As my PGCE term finishes, I keep thinking about the holiday ahead.  I have three weeks, Nigel and the children at home too for longer or shorter periods, with timings overlapping to a greater or lesser extent.  I keep counting the days ahead like golden coins.  It looks right now as if the stack is tall, but I realise that, in my plans, I have already pre-spent them several times over. 
There are holiday trips to town, country walks, and of course the non-negotiable excursions to see grandparents at the farthest edges of the country.  There are hobbies and reading and watching old films.  There are friends to entertain.  And there’s Christmas cooking and gifts to buy and wrap.
Not to mention reading ahead for our academic courses.

I guess what I need to do most is to scale back my plans and enjoy each day as it comes.

Wednesday, 11 December 2013

Christmas is where the Heart is.

One of the largest pieces of evidence that the twins have found new families at university is that Christmas at home is not enough for them.  Last Saturday, when we picked Carenza up from her college, there was a wreath on the college door and a Christmas tree in the foyer.  I had thought only shops and families with small children  got their decorations up this early.  But apparently, the students have been celebrating Oxmas, a sort of ersatz pre-Christmas, because it would just be too painful not to celebrate Christmas with your wonderful new friends. 
When we delivered Carenza to spend the weekend at Perran’s flat, later the same day, the kitchen looked festive – the flatmates had pooled resources to buy a fake tree. I was more impressed with what they had done with the multiplicity of advertising flyers which are constantly dumped in student accommodation – they had folded them, then cut them up to make “snowflakes”.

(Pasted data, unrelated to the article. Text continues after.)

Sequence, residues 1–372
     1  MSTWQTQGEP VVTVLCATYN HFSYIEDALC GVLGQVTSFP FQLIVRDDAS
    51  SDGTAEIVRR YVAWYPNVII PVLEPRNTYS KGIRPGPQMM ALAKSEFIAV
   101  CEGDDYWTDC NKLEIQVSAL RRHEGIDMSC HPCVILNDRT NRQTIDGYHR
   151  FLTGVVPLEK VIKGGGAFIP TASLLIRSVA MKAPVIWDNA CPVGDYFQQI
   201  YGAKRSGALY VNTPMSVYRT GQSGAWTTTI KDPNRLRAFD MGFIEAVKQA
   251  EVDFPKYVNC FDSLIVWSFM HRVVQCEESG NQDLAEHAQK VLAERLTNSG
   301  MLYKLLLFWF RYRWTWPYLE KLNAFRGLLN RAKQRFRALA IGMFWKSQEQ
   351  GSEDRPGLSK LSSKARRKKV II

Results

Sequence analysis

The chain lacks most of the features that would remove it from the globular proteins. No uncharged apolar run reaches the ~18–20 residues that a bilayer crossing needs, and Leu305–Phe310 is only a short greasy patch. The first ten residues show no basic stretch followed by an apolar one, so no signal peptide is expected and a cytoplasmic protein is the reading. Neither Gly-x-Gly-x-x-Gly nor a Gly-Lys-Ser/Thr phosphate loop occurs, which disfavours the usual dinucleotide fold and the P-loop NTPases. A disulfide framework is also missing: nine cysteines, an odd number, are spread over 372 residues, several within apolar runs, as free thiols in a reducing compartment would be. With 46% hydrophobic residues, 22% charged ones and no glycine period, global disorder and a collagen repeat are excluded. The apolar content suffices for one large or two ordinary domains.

After the excitement of Christmas with friends, how can we possibly compete at home? 

Perhaps just by being very quiet and very cosy. Does anybody know whether The Great Escape is on the telly this year?

Saturday, 7 December 2013


I have just finished my first PGCE placement.  It was at Buntingford in the distant north of Hertfordshire.  I had to set off at 7:30 each morning to allow an hour for the commute.  Sometimes that was plenty of time, sometimes, congestion around an accident meant it was a narrow squeak.
Both my favourite and my least favourite section of the journey was the single lane road between Baldock and Buntingford.  It could be magical with dawn’s rosy fingers filtering between autumn gold trees or it could be lethal with clinging fog.  The route felt as if it had been selected by somebody who craved more excitement in their life.  It was a complete switchback of ninety degree bends and blind rises.
I had three driver’s prayers – that I didn’t hit any of the local wildlife; that I didn’t end up with the point where I’d failed to negotiate the corner and slewed off the road marked by a dozen bunches of flowers; that it didn’t snow.
How did I do?

No snow, stayed on the road, even at corners, avoided the deer, avoided the farmer’s dog in the mioddle of the road… hit the pheasant, but it was pretty much a case of kami kazi.  Only regret – the road was too dangerous to stop and pick it up.